Cincuenta sombras de Grey
Dakota Jhonson and Jamie Dornan in "Fifty Shades Of Grey"

sábado, 14 de febrero de 2015


(CNN)- The idea is at the foundation of social media channels: Seen something strange? Post it online. The desire to share the unknown, or complex, is a human urge, and no-one knows this better than doctors.
"I'm a very visual learner. Most doctors are ... and we like to talk to each other," explains third-year medical resident Sheryll Shipes of Christus Spohn Hospital Corpus Christi-Memorial, in Texas.
Last year Shipes began using Figure1, a photo-sharing app through which healthcare professionals can share photographs and information about their patients for both learning and diagnosis purposes. "It's now my medical guilty pleasure," she adds.
It may ring alarm bells regarding patient confidentiality but founder Josh Landy, an intensive care specialist at Scarborough Hospital in Toronto, Canada, vows that anonymity, ethics and patient approval are at the core of the technology. He says his objective is the sharing of knowledge.
    "People (already) share cases through text and email," he says.
    As a medic himself Landy understands the need to seek external opinions when treating a variety of patients. One day, when looking around his hospital unit, Landy realized how commonplace this virtual sharing was among his students as their hands were occupied not with stethoscopes, but smartphones. They were in search of a second opinion -- and now they can get third, fourth and fifth opinions in a single click, with his photo-sharing app.
    "We looked at how people are using their smart phones," he explains, having seen many cases being shared between doctors using this medium. "I wanted a way to present all those cases ... to create a global knowledge notebook."

    Feedback from the community

    Launched in May 2013, Figure-1 enables users to take an image, remove any identifying information, and upload the image for feedback from the community of healthcare users accessing the app. Those not uploading use the app as a learning tool to expose them to conditions and symptoms they may not otherwise see. "It's medical education," says Landy.
    In developing the app, Landy ensured anonymity would become standard through the removal of any identifying features, names, numbers or case information when images are uploaded. All images undergo additional verification before becoming publicly available and patients must also give their permission for their photos to be shared.
    Whilst the general public may have interest in medical images, Landy stresses the importance of targeting mainly those working in healthcare. New users are asked for occupational information upon registering and only healthcare professionals can comment or add pictures.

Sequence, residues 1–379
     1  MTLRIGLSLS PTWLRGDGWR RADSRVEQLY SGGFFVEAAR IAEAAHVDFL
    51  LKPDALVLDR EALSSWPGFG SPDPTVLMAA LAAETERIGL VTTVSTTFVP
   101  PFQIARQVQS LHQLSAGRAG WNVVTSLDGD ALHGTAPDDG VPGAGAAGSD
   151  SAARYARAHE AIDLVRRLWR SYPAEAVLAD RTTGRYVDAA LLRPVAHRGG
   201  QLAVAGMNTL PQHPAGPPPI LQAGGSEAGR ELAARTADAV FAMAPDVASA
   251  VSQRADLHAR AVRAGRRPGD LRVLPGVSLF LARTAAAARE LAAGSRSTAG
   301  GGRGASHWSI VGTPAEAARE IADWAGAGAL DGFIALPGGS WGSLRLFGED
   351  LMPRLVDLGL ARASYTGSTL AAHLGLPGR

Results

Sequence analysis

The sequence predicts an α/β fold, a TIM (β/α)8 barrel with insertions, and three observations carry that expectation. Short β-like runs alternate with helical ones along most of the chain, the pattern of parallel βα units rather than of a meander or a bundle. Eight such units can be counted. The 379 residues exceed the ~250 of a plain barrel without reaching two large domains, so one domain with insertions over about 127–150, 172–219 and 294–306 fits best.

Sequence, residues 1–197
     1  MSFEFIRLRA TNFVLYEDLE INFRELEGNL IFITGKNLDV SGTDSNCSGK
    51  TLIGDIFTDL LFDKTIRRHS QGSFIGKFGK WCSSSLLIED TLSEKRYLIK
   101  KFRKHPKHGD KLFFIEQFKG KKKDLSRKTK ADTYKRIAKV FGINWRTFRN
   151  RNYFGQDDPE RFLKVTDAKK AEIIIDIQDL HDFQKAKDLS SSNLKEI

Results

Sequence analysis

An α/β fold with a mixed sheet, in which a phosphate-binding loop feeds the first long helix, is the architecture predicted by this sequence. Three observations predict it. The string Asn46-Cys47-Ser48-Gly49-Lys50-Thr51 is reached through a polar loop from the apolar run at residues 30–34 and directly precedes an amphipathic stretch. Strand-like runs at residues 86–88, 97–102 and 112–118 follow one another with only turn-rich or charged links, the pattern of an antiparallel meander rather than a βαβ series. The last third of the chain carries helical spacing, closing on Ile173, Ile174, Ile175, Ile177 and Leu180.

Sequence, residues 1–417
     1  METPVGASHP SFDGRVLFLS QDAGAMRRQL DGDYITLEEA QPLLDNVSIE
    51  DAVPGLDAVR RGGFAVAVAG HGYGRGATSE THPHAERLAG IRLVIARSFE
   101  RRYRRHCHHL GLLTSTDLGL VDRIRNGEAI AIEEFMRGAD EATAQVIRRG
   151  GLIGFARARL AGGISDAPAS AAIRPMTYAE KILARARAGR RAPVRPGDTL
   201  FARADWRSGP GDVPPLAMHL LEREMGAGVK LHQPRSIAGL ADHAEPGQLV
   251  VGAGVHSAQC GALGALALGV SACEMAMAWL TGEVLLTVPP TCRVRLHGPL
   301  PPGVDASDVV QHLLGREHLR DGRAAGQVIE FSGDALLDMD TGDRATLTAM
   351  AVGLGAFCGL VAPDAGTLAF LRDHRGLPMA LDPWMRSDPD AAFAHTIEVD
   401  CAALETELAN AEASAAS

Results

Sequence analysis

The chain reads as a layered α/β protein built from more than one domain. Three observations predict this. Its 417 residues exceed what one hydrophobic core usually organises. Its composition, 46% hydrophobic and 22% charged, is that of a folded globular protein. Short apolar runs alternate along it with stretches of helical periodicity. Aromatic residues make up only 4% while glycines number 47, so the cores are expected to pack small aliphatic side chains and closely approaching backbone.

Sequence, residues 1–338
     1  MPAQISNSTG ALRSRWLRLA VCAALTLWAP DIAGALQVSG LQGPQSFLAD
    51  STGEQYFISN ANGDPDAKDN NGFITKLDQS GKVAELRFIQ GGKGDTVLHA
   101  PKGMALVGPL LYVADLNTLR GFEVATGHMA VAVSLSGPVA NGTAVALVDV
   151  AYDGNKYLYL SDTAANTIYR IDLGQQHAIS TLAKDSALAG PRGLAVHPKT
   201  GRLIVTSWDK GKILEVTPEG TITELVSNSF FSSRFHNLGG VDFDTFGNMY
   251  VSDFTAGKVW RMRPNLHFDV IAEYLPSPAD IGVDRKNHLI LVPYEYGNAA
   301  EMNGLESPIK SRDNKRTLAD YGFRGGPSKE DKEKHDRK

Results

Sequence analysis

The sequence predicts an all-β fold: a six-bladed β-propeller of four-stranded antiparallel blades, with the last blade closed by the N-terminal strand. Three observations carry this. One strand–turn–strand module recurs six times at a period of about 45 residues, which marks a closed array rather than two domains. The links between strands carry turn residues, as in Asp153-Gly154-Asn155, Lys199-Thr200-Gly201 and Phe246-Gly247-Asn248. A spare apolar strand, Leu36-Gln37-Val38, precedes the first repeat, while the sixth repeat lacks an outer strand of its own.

The app is now available in 19 countries and as of summer 2014 there were 150,000 users, according to Figure-1. The number is expected to be higher today with images in the library being viewed on average 1.5 million times a day. The greatest popularity lies in the continent of origin, with Figure-1 now being used by 30% of U.S. medical students, including Shipes.
    "It's classic medicine, digitized," says Shipes. Having used Figure-1 religiously over the past year, Shipes readily sings its praises after the app helped her diagnose a patient with an unusual skin disorder causing blisters on certain parts of her body. "I uploaded it to Figure-1 and someone told us exactly what it was," she says. The condition turned out to be common to Latin America and Asia but rare in the United States. "We would never have known that one."
    Now Landy hopes word will spread even further. "It's overdue for a tool like this," he concludes. "I'd like to see it everywhere."
    Figure-1 phone view bigger filesizefigure-1 app commentsfigure 1 app brain scan

    viernes, 13 de febrero de 2015

    St. Valentine, The Real Story.

    Flowers, candy, red hearts and romance. That's what Valentine's day is all about, right? Well, maybe not.
    The origin of this holiday for the expression of love really isn't romantic at all -- at least not in the traditional sense. Father Frank O'Gara of Whitefriars Street Church in Dublin, Ireland, tells the real story of the man behind the holiday -- St. Valentine.
    "He was a Roman Priest at a time when there was an emperor called Claudias who persecuted the church at that particular time," Father O'Gara explains. " He also had an edict that prohibited the marriage of young people. This was based on the hypothesis that unmarried soldiers fought better than married soldiers because married soldiers might be afraid of what might happen to them or their wives or families if they died."
    "I think we must bear in mind that it was a very permissive society in which Valentine lived," says Father O'Gara. "Polygamy would have been much more popular than just one woman and one man living together. And yet some of them seemed to be attracted to Christian faith. But obviously the church thought that marriage was very sacred between one man and one woman for their life and that it was to be encouraged. And so it immediately presented the problem to the Christian church of what to do about this."
    "The idea of encouraging them to marry within the Christian church was what Valentine was about. And he secretly married them because of the edict."
    Valentine was eventually caught, imprisoned and tortured for performing marriage ceremonies against command of Emperor Claudius the second. There are legends surrounding Valentine's actions while in prison.
    "One of the men who was to judge him in line with the Roman law at the time was a man called Asterius, whose daughter was blind. He was supposed to have prayed with and healed the young girl with such astonishing effect that Asterius himself became Christian as a result."
    In the year 269 AD, Valentine was sentenced to a three part execution of a beating, stoning, and finally decapitation all because of his stand for Christian marriage. The story goes that the last words he wrote were in a note to Asterius' daughter. He inspired today's romantic missives by signing it, "from your Valentine."
    "What Valentine means to me as a priest," explains Father O'Gara, "is that there comes a time where you have to lay your life upon the line for what you believe. And with the power of the Holy Spirit we can do that -- even to the point of death."